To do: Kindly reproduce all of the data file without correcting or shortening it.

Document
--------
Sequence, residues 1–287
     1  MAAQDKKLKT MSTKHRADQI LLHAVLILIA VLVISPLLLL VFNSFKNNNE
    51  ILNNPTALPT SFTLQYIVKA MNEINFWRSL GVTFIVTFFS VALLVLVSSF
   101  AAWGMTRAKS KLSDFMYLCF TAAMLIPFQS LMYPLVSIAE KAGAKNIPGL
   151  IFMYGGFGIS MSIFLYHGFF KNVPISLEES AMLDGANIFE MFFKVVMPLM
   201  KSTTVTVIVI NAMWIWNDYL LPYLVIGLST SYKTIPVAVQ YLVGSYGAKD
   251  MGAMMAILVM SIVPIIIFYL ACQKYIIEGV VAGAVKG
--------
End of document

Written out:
Sequence, residues 1–287
     1  MAAQDKKLKT MSTKHRADQI LLHAVLILIA VLVISPLLLL VFNSFKNNNE
    51  ILNNPTALPT SFTLQYIVKA MNEINFWRSL GVTFIVTFFS VALLVLVSSF
   101  AAWGMTRAKS KLSDFMYLCF TAAMLIPFQS LMYPLVSIAE KAGAKNIPGL
   151  IFMYGGFGIS MSIFLYHGFF KNVPISLEES AMLDGANIFE MFFKVVMPLM
   201  KSTTVTVIVI NAMWIWNDYL LPYLVIGLST SYKTIPVAVQ YLVGSYGAKD
   251  MGAMMAILVM SIVPIIIFYL ACQKYIIEGV VAGAVKG